On Jan. 1, several bills signed by Gov. Brian Kemp during the 2019-20 legislative session will take effect.
Among them is the controversial “Police Hate Crimes Bill,” signed in response to a broader hate crimes bill passed after the murder of Ahmaud Arbery – a Black jogger shot and killed while being pursued by a white father-son duo in south Georgia.
There are several other bills designed to protect consumers – including the “Surprise Billing Consumer Protection Act,” and a bill that would regulate some automatic renewals for some contract services.
From surprise medical billing to designating an official state grape, here are some of the laws that take effect in the new year.
This bill would require physical therapists and physical therapist assistants to submit to an FBI background check through the Georgia Crime Information Center in order to be licensed in the state.
The bill would change the name of the Office of Public Safety Officer Support within the state Department of Public Safety to the Office of Public Safety Support.
However, during the summer, it also became known as the “Police Hate Crimes Bill,” as anyone found to “intimidate, harass or terrorize” a police officer, because they are a police officer, would be guilty of a bias-motivated crime – i.e. a hate crime.
Also called the Surprise Billing Consumer Protection Act, this bill would provide for certain consumer protections against surprise billing. It would also establish methods to resolve payment disputes between insurers and out-of-network providers and an arbitration process.
It would allow military spouses licensed in other states to practice certain professions and occupations and obtain a license to practice in this state.
Would revise the information required to be provided by sexual offenders when they register in order to allow a sexual offender who is in a state or privately operated hospice facility, skilled nursing home, or residential health care facility to satisfy the annual registration requirements by registering at any time during the sexual offender’s month of birth and to remove the requirement that a sexual offender in those facilities be fingerprinted – with the approval of the sheriff of the county where the offender lives.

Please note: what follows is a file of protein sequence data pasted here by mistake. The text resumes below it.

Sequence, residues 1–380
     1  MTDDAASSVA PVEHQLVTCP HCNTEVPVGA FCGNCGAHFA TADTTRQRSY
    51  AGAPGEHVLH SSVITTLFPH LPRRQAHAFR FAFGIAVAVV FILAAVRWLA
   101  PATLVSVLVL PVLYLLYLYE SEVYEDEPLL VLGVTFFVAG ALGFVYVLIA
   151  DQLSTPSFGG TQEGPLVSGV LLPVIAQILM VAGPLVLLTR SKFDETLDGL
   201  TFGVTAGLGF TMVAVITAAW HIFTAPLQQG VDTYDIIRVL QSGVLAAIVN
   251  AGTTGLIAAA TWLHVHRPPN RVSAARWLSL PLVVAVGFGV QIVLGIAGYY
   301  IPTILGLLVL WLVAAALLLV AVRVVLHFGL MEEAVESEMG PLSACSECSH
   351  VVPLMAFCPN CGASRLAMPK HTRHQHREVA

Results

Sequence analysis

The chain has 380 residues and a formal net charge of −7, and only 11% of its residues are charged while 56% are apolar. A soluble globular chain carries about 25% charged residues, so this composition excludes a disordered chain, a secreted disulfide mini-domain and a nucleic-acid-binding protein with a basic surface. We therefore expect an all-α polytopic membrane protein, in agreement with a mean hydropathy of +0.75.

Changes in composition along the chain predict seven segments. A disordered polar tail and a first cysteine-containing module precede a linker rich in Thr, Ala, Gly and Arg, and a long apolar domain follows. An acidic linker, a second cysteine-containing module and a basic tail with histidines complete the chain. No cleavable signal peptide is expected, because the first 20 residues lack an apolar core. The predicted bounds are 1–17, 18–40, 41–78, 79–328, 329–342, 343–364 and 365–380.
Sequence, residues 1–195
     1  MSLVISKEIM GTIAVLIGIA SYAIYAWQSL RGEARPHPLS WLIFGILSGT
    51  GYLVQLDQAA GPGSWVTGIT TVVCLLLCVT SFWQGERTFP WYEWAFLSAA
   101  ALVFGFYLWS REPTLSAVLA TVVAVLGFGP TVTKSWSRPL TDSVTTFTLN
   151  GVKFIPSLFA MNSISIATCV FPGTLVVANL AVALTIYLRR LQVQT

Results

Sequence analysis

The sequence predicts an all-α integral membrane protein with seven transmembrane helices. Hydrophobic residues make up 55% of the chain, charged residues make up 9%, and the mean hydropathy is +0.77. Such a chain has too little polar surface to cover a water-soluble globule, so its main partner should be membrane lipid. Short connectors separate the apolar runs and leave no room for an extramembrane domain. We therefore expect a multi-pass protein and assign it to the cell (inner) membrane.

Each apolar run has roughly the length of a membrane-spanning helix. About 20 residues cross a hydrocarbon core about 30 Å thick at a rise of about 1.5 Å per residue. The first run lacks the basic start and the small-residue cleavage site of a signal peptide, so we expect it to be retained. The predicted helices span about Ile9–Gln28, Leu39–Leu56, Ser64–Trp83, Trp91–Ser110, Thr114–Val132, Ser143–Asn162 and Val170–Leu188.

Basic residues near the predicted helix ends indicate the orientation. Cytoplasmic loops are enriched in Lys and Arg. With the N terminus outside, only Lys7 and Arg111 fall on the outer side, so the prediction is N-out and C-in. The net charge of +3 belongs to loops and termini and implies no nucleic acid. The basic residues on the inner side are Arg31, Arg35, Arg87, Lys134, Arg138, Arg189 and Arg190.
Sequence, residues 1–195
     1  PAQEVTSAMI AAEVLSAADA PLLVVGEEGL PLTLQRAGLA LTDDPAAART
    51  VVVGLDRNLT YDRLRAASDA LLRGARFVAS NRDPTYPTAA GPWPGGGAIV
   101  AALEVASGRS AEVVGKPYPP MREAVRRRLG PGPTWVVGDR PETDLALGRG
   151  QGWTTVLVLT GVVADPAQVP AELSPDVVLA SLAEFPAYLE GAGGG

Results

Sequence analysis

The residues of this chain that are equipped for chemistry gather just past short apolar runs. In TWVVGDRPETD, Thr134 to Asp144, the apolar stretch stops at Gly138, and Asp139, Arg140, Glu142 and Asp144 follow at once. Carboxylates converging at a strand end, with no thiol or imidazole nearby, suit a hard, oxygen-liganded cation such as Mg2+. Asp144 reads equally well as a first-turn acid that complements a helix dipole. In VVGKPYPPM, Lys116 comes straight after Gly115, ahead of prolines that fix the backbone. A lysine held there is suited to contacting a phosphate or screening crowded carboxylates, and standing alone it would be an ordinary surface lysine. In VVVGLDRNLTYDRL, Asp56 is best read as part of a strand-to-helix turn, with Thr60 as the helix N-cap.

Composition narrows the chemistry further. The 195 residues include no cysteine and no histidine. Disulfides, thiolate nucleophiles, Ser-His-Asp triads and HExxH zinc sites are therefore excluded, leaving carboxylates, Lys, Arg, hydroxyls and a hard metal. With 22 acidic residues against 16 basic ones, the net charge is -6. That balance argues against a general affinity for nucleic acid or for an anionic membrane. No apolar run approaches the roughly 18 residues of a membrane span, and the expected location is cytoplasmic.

This bill pertains to Georgia’s booming film and entertainment industry and would move certain sound recordings from “qualified production activities” to production expenditures.
This bill pertains to automatic renewals and would provide additional protections for consumers who enter into contracts that “contain lengthy automatic renewal provisions.”
Also called Lacee’s Law, the bill would provide coverage under the state health benefits plan for additional screening to individuals at high risk of breast cancer.
Another bill related to medical billing would prohibit certain insurers from imposing a copayment, coinsurance, or office visit charge greater than charges for physician or osteopath services to an insured person for services rendered by a physical therapist, occupational therapist, or chiropractor.
This bill would restrict some criminal histories and arrest information after a certain time period if “conditions are met since a conviction.”
This bill would remove “redundant” processes involving the removal of “unattended vessels” in public waters.
SB 310 would set up certain regulations related to boxing, wrestling, and martial art associations and federations.
The bill would revise the definition, require continuing education, and outline unlawful practices, among other things. It would also provide the issuance of certificates of registration to professionals.
This bill would allow for the re-employment, training, and compensation of retired peace officers and correctional officers during disasters and emergencies.
The bill would designate the muscadine grape as the “official state grape.”
This bill would allow for state investment in railways and railroad facilities and equipment.
The Senate bill would revise garnishment proceedings. It would provide for “uniform procedures” for garnishment actions, provide definitions, and limit the maximum part of disposable earnings subject to garnishment in relation to certain educational or student loans.